No Bones about it - Calcium is essential for dogs!
The primary and most significant dietary difference between humans and dogs is the need for calcium. In a nutshell, humans need more phosphorus in their diet relative to calcium and dogs need more calcium than phosphorus. So feeding a dog just human food is not going to meet your dog’s dietary need for calcium. This is especially important with puppies. They require a calcium-rich diet to grow and can suffer greatly if that is not provided.
Bones are the simple answer to providing calcium, they are naturally made from calcium (and phosphorus) and generally, dogs love them. Bones need to be consumed not just gnawed, for the calcium to be obtained.
Veterinarians generally recommend bones three times weekly, and they should not be given in my view without supervision. Although ‘natural’ for a dog to eat raw bones, they can splinter, break, get caught in the teeth or mouth or throat, and that is before they are swallowed!
Cooked bones are a greater danger in doing all of the above as they are already ‘dried’ by cooking and are more brittle and prone to sharp breakage. The danger is this getting caught somewhere on the way through which can be very painful for your dog and very expensive to fix. So err on the side of caution, say no to cooked bones no matter the begging eyes.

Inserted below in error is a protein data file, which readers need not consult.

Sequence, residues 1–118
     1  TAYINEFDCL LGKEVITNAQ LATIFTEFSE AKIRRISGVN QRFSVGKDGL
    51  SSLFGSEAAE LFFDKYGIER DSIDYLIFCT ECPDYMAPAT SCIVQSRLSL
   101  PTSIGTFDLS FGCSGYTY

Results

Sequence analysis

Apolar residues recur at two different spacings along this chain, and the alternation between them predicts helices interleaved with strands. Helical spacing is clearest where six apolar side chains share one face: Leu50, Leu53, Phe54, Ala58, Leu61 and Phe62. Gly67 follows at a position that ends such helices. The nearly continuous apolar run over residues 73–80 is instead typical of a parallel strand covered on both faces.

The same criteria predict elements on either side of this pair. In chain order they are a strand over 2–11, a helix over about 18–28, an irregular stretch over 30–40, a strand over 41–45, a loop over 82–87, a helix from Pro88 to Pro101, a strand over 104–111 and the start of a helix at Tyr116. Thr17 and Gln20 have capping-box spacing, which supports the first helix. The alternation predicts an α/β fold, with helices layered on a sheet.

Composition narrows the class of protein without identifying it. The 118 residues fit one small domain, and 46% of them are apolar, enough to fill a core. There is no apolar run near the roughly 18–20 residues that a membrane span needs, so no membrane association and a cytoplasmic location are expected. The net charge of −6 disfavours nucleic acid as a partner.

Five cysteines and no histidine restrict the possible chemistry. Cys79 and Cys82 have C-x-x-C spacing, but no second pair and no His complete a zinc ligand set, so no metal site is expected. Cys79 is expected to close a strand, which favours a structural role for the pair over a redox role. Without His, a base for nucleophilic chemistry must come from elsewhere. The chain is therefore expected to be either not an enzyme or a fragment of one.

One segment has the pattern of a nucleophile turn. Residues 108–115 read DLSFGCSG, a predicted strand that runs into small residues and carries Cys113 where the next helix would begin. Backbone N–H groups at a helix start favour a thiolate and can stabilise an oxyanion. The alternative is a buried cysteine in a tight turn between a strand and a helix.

Or you can have the problem I faced with Beanie who is intolerant of raw bones. She is a “crush and swallow” kind of dog and would vomit any bone back up, and if it did get through it would mean days of diarrhea. She needed to have a supplement for calcium, and that was part of my journey in making Wellbeing Essentials. Amongst other things, Wellbeing Essentials has the correct ratio and if given in the prescribed amount for their weight, will meet the calcium to phosphorus ratio they require. Puppies need twice the amount of calcium of an adult dog so if using Wellbeing Essentials the easiest is to just double the dosage for their weight.
Calcium is in many things, a quarter of the earth’s surface is made up of calcium. Given a high protein diet, your dog's phosphorus needs will be naturally met, however, the calcium need will require a bit more planning.
Calcium is in abundance in dairy, of course, dark leafy greens like broccoli and Chinese greens, and of course, it is feasible to supplement with Dolomite (calcium carbonate) or buying human supplements of calcium hydroxyapatite (pharmacy grade bonemeal) from your health food store. The amount required varies by age and weight and source of calcium; it is a bit complicated because there are a number of variables – the absolute amount of calcium required and for the ratio of calcium to phosphorus to be correct.
Although dogs are very tolerant of high calcium diets, you will know when they have too much calcium as it is excreted in their faces; if the ‘output’ is dry, white, chalky looking on an ongoing basis, then cut back the bones. Too much calcium, for dogs who have lots of bones in their diet, can affect zinc absorption so be mindful of this too.